What are your goals for the future?(how do you see yourself five years from now?) •My long-term goals involve growing with a company where I can continue to learn, take on additional responsibilities, and contribute as much of value as I can. •I see myself as a top performing employee in a well-established organization, like this one. I plan on enhancing my skills and continuing my involvement in (related) professional associations. Are you overqualified for this job?
•As you note, I've worked at a higher level but this position is exactly what I'm looking for. You offer opportunity to achieve the magic word: balance. I'm scouting for something challenging but a little less intense so I can spend more time with my family. Tell me something about your self?
Your Unique Selling Proposition (USP)
"I'm a seasoned Retail Manager strong in developing training programs and loss prevention techniques that have resulted in revenue savings of over $2.3Million for (employer's name) during the past 11 years." Be Prepared
When you walk into an interview, remember to always expect the "tell me about yourself" question. Prepare ahead of time by developing your own personal branding statement that clearly tells who you are, your major strength and the clear benefit that your employer received. The advantages of this approach are that you'll quickly gain their attention and interest them in knowing more. You'll separate yourself from your competitors. You'll also have a higher chance of being positively remembered and hired. What interests you about this job?
When you're asked what interests you about the position you are interviewing for, the best way to respond is to describe the qualifications listed in the job posting, then connect them to your skills and experience. That way, the employer will see that you know about the job you're interviewing for (not everyone does) and that you have the qualifications necessary to do the job.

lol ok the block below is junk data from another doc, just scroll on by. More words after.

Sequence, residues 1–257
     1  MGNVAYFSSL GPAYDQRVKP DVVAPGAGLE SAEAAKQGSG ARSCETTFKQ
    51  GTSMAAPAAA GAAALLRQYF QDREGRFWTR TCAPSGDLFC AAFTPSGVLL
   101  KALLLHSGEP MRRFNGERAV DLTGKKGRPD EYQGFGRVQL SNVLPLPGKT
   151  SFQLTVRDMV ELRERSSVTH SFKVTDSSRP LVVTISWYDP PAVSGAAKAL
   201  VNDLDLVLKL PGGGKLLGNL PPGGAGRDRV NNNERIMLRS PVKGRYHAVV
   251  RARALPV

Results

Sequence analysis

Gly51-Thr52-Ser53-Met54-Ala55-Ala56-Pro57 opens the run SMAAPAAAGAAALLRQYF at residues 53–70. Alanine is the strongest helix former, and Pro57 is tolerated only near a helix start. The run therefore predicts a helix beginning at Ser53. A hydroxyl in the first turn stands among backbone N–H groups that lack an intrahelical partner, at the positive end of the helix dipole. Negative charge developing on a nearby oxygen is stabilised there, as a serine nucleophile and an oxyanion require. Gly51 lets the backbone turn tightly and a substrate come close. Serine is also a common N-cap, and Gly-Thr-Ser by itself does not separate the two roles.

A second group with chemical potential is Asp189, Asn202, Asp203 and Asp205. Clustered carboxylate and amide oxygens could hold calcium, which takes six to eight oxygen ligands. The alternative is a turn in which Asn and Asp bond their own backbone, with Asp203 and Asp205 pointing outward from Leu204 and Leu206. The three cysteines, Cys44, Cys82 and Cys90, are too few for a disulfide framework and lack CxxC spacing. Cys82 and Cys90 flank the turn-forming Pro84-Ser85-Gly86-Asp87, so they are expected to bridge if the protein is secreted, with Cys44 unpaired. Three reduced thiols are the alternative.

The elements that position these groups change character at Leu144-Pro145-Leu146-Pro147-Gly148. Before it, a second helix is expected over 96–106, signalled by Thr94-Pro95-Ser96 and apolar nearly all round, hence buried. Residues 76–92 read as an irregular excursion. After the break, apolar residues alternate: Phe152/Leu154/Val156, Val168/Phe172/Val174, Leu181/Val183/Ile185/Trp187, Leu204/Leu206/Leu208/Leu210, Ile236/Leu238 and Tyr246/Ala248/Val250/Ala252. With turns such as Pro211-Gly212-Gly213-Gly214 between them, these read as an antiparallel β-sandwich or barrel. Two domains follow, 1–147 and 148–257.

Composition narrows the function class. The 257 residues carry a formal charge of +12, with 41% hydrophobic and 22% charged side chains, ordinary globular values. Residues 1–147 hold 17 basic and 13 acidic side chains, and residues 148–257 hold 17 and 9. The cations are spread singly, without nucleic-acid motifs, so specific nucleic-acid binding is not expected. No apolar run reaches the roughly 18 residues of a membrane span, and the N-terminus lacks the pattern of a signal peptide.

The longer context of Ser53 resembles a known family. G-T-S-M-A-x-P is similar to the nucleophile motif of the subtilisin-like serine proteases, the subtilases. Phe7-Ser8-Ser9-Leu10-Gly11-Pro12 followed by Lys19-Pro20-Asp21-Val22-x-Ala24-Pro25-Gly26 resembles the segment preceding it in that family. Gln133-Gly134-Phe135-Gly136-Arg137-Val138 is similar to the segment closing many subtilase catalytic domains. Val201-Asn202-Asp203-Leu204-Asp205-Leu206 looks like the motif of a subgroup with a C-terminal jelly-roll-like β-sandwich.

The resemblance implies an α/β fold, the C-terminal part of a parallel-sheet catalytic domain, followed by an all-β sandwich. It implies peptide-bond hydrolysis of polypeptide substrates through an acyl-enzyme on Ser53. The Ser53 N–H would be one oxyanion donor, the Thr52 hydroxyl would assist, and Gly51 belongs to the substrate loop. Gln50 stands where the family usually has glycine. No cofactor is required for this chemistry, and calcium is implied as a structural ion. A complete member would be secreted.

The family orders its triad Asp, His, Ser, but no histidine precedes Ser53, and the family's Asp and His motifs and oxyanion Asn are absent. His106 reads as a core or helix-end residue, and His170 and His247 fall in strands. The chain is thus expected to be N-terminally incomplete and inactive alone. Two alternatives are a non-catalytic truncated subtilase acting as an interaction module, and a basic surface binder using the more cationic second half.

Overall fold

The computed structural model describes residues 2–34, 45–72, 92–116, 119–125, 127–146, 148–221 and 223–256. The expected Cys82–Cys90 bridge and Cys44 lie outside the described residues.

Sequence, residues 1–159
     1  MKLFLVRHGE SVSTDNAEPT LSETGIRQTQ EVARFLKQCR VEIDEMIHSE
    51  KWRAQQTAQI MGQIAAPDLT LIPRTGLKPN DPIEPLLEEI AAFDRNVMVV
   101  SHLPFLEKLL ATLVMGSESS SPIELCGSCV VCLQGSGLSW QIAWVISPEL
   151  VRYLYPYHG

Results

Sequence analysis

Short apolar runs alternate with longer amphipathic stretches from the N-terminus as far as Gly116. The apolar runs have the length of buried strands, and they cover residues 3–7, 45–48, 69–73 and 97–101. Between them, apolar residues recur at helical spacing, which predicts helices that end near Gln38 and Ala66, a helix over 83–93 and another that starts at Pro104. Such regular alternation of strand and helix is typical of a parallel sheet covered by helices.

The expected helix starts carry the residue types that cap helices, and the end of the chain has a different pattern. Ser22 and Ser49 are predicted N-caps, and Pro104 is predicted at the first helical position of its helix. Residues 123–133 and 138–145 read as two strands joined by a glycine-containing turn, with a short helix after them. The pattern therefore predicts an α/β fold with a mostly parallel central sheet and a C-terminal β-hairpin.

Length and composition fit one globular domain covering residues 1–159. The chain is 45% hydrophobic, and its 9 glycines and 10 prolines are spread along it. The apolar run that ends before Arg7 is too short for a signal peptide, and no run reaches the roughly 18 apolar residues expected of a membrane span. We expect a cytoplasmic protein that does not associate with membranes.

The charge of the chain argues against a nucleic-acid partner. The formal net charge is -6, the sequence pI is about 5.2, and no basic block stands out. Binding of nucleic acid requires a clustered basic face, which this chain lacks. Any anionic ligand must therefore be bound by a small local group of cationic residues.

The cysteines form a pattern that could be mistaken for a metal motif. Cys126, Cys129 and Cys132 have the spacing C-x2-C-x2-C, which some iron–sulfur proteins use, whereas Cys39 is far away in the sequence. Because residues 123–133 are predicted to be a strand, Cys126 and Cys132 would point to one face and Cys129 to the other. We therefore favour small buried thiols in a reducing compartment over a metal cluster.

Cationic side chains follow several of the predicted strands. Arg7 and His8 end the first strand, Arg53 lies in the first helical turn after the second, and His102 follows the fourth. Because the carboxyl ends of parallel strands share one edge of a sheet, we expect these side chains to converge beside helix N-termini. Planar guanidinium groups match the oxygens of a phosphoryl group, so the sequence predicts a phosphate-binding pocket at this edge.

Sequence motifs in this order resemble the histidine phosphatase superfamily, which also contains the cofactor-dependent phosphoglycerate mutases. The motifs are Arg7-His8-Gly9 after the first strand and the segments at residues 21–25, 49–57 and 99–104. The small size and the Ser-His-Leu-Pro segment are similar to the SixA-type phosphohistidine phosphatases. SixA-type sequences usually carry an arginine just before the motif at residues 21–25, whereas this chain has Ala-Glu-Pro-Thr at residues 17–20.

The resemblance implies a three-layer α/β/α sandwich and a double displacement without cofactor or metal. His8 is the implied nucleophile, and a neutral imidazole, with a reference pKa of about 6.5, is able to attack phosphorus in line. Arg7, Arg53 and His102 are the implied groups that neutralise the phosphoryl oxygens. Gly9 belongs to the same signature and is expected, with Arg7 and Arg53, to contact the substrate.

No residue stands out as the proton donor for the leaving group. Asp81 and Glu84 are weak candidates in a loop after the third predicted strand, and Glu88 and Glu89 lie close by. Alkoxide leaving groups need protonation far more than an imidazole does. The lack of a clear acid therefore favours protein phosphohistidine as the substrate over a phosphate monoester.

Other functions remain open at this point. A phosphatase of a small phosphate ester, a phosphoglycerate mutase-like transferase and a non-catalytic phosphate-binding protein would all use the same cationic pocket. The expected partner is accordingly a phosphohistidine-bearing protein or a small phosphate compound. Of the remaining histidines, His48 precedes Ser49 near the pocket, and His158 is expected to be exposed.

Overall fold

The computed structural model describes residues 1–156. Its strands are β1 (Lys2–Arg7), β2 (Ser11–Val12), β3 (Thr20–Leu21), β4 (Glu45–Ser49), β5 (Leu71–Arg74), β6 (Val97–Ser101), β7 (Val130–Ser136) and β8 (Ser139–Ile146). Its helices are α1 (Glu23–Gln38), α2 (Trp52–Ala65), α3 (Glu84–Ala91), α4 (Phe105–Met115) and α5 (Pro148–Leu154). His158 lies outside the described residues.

What is your greatest strength?
This is one of the easier interview questions you'll be asked. When you are asked questions about your strengths, it's important to discuss attributes that will qualify you for the job. The best way to respond is to describe the skills and experience that directly correlate with the job you are applying for. Sample Answers
•When I'm working on a project, I don't want just to meet deadlines. Rather, I prefer to complete the project well ahead of schedule. •I have exceeded my sales goals every quarter and I've earned a bonus each year since I started with my current employer. •My time management skills are excellent and I'm organized, efficient, and take pride in excelling at my work. •I pride myself on my customer service skills and my ability to resolve what could be difficult situations. What is your greatest weakness?
hen you're asked what your greatest weakness is, try to turn a negative into a positive. For example, a sense of urgency to get projects completed or wanting to triple-check every item in a spreadsheet can be turned into a strength i.e. you are a candidate who will make sure that the project is done on time and your work will be close to perfect. Note that the term "weakness" isn't used in the sample answers - you always want to focus on the positive when interviewing. Sample Answers
•When I'm working on a project, I don't want just to meet deadlines. Rather, I prefer to complete the project well ahead of schedule. What were your starting and final level of compensation?
Interviewers expect a candidate for employment to be able to provide the details of their compensation history. Be prepared to tell the interviewer how much you earned at each of your prior positions. Make sure that what you tell the interviewer matches what you listed on your job application. Refresh your memory prior to the interview by reviewing your compensation history, so, you can speak in detail and accurately. Don't exaggerate or...